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Cruel blow for Liam Williams as he is ruled out for Wales' November

(Photo by David Davies/PA Images via Getty Images)

Liam Williams will miss Wales’ autumn Tests after suffering a collarbone injury on his Cardiff debut. The British and Irish Lions full-back was hurt midway through the first half of Cardiff’s United Rugby Championship victory over Munster on Saturday. He has undergone surgery and faces a recovery period of 12 to 16 weeks, his club said.


Wales tackle New Zealand, Argentina, Georgia and Australia in November. Williams, who has won 81 caps, also offers Wales head coach Wayne Pivac an option on the wing.

Johnny McNicholl and Leigh Halfpenny would be likely full-back candidates when Wales continue their World Cup countdown. Halfpenny has not played for 14 months due to a serious knee injury, but he is understood to be closing in on a comeback for the Scarlets.

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Cardiff said: “Liam Williams underwent surgery last night [Monday] after suffering a collarbone injury. The Wales and British and Irish Lions full-back had impressed on his Cardiff debut before damaging his shoulder in a tackle at the 20-minute mark. Williams now faces a recovery period of 12-16 weeks on the sidelines following surgery.”

The 31-year-old made his Test debut in 2012 and has featured for Wales in their last two World Cup campaigns.


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Flankly 3 hours ago
The AI advantage: How the next two Rugby World Cups will be won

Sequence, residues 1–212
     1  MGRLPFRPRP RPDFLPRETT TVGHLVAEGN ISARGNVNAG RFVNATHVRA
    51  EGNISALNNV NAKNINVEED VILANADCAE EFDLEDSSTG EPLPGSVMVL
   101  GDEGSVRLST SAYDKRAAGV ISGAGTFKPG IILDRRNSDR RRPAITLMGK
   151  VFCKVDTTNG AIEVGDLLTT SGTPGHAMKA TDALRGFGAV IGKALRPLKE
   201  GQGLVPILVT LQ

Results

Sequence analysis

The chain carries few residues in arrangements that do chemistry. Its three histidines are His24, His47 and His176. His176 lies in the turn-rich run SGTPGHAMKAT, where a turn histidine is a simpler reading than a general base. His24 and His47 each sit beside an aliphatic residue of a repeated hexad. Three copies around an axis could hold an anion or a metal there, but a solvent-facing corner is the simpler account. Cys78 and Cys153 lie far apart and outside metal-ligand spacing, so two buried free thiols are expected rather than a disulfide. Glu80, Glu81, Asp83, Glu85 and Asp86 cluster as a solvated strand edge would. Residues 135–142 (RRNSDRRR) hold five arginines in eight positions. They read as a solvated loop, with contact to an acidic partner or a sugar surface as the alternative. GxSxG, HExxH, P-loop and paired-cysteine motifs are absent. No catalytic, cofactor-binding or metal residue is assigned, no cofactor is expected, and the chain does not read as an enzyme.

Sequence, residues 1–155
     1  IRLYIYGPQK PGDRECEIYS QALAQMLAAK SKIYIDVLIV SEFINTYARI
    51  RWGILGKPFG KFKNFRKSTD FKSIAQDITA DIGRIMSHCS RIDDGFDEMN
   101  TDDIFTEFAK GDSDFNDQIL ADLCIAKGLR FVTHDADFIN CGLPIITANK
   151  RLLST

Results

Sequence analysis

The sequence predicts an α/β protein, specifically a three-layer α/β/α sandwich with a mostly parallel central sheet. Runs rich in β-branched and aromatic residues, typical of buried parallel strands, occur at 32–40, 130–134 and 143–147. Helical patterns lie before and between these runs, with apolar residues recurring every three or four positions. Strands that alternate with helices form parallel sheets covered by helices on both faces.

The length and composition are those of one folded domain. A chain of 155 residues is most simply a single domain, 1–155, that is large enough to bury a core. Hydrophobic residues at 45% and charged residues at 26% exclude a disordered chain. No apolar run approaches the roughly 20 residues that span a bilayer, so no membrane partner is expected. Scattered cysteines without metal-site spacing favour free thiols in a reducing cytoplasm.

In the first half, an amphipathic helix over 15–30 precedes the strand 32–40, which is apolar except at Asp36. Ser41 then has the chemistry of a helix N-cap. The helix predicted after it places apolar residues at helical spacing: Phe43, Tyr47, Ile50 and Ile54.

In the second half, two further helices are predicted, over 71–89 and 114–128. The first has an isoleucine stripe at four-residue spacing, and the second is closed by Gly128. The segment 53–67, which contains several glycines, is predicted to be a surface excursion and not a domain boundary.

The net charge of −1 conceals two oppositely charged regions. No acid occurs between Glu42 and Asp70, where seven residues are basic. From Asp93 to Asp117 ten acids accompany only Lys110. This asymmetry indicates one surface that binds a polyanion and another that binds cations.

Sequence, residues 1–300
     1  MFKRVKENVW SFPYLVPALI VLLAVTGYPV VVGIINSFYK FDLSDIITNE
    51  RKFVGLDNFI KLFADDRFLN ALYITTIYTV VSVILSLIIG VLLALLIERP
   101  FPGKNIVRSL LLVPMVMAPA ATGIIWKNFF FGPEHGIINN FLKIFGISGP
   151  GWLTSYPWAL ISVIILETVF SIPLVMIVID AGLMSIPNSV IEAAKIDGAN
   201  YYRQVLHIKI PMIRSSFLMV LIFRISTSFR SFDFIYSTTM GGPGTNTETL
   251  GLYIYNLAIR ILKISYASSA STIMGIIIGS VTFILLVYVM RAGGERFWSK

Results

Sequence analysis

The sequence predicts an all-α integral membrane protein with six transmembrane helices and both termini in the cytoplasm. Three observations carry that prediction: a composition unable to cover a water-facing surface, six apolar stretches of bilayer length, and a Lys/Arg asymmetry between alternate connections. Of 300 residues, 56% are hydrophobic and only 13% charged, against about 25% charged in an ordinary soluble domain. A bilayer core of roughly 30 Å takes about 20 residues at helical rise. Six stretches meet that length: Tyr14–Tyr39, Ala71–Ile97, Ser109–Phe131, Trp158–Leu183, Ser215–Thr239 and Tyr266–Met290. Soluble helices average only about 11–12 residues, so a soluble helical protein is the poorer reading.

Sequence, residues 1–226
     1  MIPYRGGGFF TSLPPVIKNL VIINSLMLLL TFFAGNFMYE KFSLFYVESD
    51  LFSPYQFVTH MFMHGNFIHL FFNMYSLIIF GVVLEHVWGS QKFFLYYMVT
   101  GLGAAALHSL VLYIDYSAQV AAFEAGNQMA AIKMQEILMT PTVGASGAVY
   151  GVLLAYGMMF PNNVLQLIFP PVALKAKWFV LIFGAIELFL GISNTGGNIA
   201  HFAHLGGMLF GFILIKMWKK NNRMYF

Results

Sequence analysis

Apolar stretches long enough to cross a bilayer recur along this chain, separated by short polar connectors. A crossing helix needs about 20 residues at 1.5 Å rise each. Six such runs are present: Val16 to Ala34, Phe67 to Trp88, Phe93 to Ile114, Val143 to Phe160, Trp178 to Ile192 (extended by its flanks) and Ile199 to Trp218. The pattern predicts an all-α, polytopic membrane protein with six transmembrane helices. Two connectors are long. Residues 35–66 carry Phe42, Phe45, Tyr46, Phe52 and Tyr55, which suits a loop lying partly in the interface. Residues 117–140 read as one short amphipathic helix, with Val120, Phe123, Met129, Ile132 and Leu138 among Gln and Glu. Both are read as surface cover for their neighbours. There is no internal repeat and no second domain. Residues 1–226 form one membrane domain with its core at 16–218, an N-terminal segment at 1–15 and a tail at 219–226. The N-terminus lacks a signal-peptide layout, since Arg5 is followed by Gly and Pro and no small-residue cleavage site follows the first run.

If rugby wants to remain interesting in the AI era then it will need to work on changing the rules. AI will reduce the tactical advantage of smart game plans, will neutralize primary attacking weapons, and will move rugby from a being a game of inches to a game of millimetres. It will be about sheer athleticism and technique,about avoiding mistakes, and about referees. Many fans will find that boring. The answer is to add creative degrees of freedom to the game. The 50-22 is an example. But we can have fun inventing others, like the right to add more players for X minutes per game, or the equivalent of the 2-point conversion in American football, the ability to call a 12-player scrum, etc. Not saying these are great ideas, but making the point that the more of these alternatives you allow, the less AI will be able to lock down high-probability strategies. This is not because AI does not have the compute power, but because it has more choices and has less data, or less-specific data. That will take time and debate, but big, positive and immediate impact could be in the area of ref/TMO assistance. The technology is easily good enough today to detect forward passes, not-straight lineouts, offside at breakdown/scrum/lineout, obstruction, early/late tackles, and a lot of other things. WR should be ultra aggressive in doing this, as it will really help in an area in which the game is really struggling. In the long run there needs to be substantial creativity applied to the rules. Without that AI (along with all of the pro innovations) will turn rugby into a bash fest.

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